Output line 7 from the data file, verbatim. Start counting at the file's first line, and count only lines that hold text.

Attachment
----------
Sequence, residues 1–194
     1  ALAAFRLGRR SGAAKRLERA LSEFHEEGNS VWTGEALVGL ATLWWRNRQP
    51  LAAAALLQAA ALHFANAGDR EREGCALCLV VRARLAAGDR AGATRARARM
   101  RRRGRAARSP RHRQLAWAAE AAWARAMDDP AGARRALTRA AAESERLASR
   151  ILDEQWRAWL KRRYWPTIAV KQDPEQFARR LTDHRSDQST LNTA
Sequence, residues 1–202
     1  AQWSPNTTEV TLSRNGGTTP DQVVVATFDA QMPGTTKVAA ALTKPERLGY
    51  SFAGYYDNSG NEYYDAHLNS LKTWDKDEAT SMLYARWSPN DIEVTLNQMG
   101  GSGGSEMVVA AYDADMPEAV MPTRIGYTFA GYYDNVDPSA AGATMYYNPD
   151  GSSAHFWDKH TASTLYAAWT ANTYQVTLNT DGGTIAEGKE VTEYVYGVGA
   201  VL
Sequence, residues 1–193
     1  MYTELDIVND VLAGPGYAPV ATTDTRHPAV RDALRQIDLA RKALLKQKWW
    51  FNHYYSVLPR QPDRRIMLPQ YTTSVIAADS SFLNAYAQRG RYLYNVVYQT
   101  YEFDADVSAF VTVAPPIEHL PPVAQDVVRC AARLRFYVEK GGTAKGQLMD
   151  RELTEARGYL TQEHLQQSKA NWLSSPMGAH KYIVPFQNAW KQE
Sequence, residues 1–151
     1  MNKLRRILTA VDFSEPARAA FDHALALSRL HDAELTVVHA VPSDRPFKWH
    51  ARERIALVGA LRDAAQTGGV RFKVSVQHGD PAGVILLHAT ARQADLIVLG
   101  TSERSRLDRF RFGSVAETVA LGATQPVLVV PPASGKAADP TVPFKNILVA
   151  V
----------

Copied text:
     1  AQWSPNTTEV TLSRNGGTTP DQVVVATFDA QMPGTTKVAA ALTKPERLGY